To achieve that goal, “90-70-90” means that 90% of girls must be fully vaccinated with HPV vaccine by the age of 15; 70% of women must be screened with a high-performance test by 35 years of age and again at 45 years of age; and that 90% of women identified with cervical disease receive treatment, 90% of women with pre-cancer are treated, and 90% of women with invasive cancer are managed.

While there are laws in place, the question remains: How can the Philippines achieve this target?

The global strategy of the WHO emphasized the importance of partnership, advocacy, and communication. And that’s where The Movement comes in.

Committed to reversing the current cervical cancer statistics through collaborative and unified efforts, The Movement started Call for Solidarity, an online petition signed by key stakeholders and disseminated to the public. The petition targets at least 11,000 signatures — to give voice to 11 women who die of cervical cancer every day in the country.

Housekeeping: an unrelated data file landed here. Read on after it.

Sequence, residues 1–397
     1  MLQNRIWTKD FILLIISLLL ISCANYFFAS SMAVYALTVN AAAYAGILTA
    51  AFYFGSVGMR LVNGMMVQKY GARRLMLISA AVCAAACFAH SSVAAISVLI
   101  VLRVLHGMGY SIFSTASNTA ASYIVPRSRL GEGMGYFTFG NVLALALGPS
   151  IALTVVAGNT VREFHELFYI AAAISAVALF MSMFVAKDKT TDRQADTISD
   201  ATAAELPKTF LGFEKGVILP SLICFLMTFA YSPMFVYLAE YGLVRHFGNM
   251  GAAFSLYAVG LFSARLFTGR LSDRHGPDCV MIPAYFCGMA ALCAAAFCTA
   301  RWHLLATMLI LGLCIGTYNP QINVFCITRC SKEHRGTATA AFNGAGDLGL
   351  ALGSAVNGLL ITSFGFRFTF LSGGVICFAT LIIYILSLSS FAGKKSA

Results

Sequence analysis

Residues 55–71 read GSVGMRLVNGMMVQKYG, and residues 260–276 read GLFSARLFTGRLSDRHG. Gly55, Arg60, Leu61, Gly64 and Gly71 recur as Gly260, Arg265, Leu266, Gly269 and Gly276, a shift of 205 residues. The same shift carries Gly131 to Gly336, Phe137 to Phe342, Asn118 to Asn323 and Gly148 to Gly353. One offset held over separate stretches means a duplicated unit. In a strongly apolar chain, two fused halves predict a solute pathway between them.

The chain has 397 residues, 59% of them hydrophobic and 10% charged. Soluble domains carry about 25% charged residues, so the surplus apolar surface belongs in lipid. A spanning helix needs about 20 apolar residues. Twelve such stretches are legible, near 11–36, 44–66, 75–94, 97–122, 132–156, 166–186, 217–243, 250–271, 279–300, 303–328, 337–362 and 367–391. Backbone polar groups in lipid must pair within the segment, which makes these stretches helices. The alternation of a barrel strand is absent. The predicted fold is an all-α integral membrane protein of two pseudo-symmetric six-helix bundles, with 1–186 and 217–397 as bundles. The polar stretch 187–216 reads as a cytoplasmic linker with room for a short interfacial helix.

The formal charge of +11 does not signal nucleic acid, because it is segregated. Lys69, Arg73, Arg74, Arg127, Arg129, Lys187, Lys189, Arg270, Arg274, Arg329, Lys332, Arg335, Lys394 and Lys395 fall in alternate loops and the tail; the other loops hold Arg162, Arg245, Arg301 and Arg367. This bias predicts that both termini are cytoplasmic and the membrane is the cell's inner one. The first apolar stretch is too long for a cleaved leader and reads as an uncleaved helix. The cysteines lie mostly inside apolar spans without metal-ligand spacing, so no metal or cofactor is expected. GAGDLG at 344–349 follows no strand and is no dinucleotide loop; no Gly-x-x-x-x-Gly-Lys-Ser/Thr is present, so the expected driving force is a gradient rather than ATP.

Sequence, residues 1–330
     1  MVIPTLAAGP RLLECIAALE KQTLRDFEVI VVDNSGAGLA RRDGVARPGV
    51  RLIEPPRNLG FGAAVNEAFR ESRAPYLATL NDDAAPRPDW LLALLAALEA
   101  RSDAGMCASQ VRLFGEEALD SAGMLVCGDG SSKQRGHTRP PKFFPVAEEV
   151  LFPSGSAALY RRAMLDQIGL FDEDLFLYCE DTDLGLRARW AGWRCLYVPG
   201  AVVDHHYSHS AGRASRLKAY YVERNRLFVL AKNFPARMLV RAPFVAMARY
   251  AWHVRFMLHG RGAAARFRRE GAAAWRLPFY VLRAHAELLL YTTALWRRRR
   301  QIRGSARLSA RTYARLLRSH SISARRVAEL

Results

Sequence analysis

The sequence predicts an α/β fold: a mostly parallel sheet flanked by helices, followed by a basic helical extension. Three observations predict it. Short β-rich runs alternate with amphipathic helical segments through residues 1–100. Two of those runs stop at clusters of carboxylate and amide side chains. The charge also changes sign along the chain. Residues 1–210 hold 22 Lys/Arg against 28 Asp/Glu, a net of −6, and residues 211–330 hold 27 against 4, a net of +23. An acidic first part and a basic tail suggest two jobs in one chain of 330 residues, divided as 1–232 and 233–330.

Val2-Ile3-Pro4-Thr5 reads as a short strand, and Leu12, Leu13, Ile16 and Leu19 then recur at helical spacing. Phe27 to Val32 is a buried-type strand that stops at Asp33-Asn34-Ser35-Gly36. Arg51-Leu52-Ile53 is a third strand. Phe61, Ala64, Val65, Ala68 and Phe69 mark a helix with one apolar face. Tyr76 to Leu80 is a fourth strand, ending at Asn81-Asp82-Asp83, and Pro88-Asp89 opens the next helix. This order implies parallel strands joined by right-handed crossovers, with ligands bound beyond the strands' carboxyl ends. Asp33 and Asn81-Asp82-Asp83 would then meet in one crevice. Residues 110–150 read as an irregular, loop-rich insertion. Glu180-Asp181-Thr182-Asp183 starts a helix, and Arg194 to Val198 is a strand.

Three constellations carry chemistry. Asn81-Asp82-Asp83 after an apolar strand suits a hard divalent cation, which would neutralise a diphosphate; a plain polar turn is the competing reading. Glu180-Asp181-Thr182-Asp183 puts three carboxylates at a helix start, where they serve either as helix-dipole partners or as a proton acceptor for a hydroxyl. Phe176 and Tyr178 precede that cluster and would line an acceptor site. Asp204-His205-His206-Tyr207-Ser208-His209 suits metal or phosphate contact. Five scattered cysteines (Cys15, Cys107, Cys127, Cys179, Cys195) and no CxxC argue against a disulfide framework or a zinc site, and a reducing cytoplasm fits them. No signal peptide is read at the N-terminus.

In line with this strategy, The Movement calls for:

  • Support for women to get vaccinated, screened, and diagnosed
  • National and local government to institutionalize the National Integrated Cancer Control Act (NICCA) provisions on patient navigation, palliative care, and pain management
  • LGUs to include cervical cancer programs and services in their health and development
  • Investments in prevention and screening, alongside the provision of adequate funds for scaling up human papilloma virus (HPV) vaccination, HPV DNA screening, and treatment of pre-cancerous lesions and invasive cancer
  • Increased coverage and reach of the Philhealth Z-Benefits Package to include HPV DNA screening
  • Collaborative and innovative solutions in a whole-of-society approach to combat cervical cancer in the country.

“Continuous support and advocacy from different stakeholders are needed to sustain responsive health services in the Philippines,” said Stratbase ADR Institute president and CEO Prof. Victor Andres Manhit in his welcome address. “We must all work together to make universal healthcare a reality for everyone.”

“We cannot do it alone as oncologists; we have to collaborate with government, with the public health sector, with the community experts, as well as even the pain and rehabilitation specialists,” Dr. Domingo seconded.

Challenges to the cause

Based on the WHO baseline analysis on Global Cervical Cancer Elimination covering 185 countries, the incidence of cervical cancer peaked at age 35 and thereafter remained constant at low levels in higher-income countries with high screening coverage.